There’s something I need to say up front: Steven Posch is a great guy to hang out with. I’ve never done it, but you can just tell by listening to him as he tells his stories on Radio Paganistan. He’s got charisma oozing off of his disc, which is pretty impressive. This all speaks well of him, and as a man I want to speak well of him.
Here’s where he goes wrong: someone (maybe himself, maybe his friends) has told him that he’s a great at what he does, so he doesn’t work at it. There’s a huge difference, however, between telling stories to your friends and being a storyteller. It isn’t just the story, it’s how you tell the story, and Mr. Posch falls down on the craft of storytelling time and again. His pacing is strange and fragmented; he gets charmed by his own story and loses focus. Worse, he forgets that as the instrument is to the musician, the voice is to the storyteller. On his website Mr. Posch quotes Reclaiming Quarterly, describing him as an “Earth-based rival to Garrison Keillor,” but Garrison Keillor has never mumbled or garbled a sentence like some of the worst moments of Radio Paganistan.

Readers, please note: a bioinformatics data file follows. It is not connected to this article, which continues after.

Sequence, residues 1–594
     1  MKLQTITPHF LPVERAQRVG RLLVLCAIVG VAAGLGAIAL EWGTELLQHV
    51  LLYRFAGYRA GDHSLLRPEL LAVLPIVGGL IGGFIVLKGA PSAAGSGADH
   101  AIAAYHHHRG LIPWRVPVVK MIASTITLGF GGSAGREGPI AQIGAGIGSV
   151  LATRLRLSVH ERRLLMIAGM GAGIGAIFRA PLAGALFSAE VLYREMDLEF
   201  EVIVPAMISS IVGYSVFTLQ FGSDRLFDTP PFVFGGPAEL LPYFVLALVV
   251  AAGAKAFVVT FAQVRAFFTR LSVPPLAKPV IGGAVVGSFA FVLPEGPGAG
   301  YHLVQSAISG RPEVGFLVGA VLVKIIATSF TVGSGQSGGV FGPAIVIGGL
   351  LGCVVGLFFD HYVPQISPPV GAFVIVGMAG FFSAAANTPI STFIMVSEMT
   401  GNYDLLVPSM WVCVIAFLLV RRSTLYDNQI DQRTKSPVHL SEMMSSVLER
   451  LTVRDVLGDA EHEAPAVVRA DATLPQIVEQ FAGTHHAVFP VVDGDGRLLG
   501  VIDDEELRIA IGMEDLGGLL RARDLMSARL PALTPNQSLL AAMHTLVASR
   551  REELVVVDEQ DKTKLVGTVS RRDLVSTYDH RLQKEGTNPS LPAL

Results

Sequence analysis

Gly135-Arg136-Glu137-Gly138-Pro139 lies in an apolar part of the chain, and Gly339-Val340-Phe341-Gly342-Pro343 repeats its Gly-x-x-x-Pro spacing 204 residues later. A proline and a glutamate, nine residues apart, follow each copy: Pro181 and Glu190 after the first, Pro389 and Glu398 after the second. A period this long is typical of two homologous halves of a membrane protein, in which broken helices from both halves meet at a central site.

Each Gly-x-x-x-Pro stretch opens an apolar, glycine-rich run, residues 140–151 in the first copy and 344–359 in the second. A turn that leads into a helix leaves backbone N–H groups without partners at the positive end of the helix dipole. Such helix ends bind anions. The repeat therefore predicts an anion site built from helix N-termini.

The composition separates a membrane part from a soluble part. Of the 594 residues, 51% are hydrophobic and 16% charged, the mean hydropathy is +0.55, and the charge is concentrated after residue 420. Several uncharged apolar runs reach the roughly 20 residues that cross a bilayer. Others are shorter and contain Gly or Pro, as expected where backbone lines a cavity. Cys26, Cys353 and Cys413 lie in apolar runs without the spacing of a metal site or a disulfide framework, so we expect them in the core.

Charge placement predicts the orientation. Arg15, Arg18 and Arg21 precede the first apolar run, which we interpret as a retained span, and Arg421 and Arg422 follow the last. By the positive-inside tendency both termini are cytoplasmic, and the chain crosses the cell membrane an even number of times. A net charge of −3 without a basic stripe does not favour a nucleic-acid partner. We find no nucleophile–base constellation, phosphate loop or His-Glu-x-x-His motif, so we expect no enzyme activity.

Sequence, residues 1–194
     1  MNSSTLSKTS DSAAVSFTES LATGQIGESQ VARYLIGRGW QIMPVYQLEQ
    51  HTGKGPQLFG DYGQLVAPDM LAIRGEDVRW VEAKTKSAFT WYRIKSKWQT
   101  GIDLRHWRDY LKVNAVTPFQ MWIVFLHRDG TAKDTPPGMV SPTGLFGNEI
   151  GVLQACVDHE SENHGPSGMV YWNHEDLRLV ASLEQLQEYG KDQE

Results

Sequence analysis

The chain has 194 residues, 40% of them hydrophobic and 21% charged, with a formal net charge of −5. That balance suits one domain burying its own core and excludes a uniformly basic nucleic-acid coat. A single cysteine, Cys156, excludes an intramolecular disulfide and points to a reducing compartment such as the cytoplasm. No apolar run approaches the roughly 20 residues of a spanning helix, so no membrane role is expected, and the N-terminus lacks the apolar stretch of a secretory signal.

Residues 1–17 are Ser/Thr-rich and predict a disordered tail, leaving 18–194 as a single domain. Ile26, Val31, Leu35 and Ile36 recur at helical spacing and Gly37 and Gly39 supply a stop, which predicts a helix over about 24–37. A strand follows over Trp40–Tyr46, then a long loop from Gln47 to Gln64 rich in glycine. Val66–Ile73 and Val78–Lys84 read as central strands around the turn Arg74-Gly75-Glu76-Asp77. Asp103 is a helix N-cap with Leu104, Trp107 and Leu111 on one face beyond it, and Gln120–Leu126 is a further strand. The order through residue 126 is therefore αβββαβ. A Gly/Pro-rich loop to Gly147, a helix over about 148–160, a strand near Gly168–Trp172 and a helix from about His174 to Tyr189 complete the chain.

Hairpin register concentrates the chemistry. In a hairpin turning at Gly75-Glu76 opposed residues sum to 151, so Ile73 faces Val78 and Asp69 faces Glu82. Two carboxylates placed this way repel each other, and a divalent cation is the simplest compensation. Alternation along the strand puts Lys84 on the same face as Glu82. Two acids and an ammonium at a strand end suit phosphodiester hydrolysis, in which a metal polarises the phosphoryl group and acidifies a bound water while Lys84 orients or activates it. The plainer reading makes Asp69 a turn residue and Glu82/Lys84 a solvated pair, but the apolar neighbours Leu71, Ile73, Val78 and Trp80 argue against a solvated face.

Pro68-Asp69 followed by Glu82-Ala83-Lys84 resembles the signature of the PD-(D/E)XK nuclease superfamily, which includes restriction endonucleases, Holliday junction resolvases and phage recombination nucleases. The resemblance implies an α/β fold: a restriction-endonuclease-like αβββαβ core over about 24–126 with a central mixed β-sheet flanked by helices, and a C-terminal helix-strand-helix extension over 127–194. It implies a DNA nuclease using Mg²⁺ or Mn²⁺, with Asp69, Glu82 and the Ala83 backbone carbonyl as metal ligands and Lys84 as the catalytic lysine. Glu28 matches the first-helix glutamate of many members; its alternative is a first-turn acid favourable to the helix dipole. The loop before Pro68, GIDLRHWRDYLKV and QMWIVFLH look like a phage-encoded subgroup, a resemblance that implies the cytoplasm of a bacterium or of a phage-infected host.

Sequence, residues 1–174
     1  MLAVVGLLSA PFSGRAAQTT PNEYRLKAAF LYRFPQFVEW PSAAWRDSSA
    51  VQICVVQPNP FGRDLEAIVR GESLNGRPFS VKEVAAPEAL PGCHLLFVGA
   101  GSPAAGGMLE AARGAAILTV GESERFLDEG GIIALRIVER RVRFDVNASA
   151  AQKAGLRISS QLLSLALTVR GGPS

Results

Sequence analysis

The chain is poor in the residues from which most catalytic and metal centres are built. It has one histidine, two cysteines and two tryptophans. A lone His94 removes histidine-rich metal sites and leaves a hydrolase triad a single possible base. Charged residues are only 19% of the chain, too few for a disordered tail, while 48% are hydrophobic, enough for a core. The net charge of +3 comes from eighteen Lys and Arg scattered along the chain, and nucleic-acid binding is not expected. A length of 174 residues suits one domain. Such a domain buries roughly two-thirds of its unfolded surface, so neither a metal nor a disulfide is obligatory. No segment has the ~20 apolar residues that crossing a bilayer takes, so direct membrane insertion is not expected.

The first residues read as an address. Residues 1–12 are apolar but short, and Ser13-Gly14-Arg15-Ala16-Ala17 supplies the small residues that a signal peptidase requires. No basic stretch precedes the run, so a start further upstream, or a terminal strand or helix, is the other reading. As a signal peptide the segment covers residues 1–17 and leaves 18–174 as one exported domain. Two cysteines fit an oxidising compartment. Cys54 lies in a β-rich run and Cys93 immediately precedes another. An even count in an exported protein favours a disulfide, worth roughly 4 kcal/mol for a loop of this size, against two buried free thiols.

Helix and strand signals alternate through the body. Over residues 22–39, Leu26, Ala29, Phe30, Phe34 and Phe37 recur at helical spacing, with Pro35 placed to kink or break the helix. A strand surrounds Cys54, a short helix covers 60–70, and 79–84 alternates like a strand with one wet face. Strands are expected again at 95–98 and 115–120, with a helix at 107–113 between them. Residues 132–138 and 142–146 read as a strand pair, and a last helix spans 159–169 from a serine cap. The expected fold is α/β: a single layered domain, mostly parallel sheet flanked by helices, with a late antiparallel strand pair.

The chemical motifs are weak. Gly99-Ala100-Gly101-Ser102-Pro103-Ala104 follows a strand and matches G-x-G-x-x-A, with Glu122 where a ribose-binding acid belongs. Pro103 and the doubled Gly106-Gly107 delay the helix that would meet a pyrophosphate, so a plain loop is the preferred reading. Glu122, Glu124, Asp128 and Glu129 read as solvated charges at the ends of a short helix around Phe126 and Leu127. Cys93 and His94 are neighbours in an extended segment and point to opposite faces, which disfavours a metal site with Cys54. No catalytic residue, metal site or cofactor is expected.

Most egregiously for stories of magick and ritual, he gets as bored with the repeated bits as he fears his audience may become. For example, take his first story, “The Three Gifts.” As in many such stories on this album (and many rituals the world over), certain lines are repeated for emphasis and for power. They become more powerful the more they are repeated, but Mr. Posch seems to become bored with lines like “From north to south, from east to west she went, singing songs of power as she went” until he is practically abbreviating it at the end. He ends his stories with a very ritualistic “That’s the end of the story and that’s the beginning of the story, let us all say “So mote it be!””, but he tosses it away more often than not. If he can’t invest himself in his words, how can his audience?
The stories themselves aren’t bad – actually, they range from “enh” to “pretty good.” Assuming they’re his (and I mean no disrespect, I just don’t see any copyright information so they may be “traditional” rather than his own creations) he’s got a knack for coming up with these stories. He just needs liberal doses of polish and practice before putting himself out there as a storyteller; in the meantime, buy him a cuppa joe and let him chat you up. I bet it would be a blast.
~review by John Casker
By Steven Posch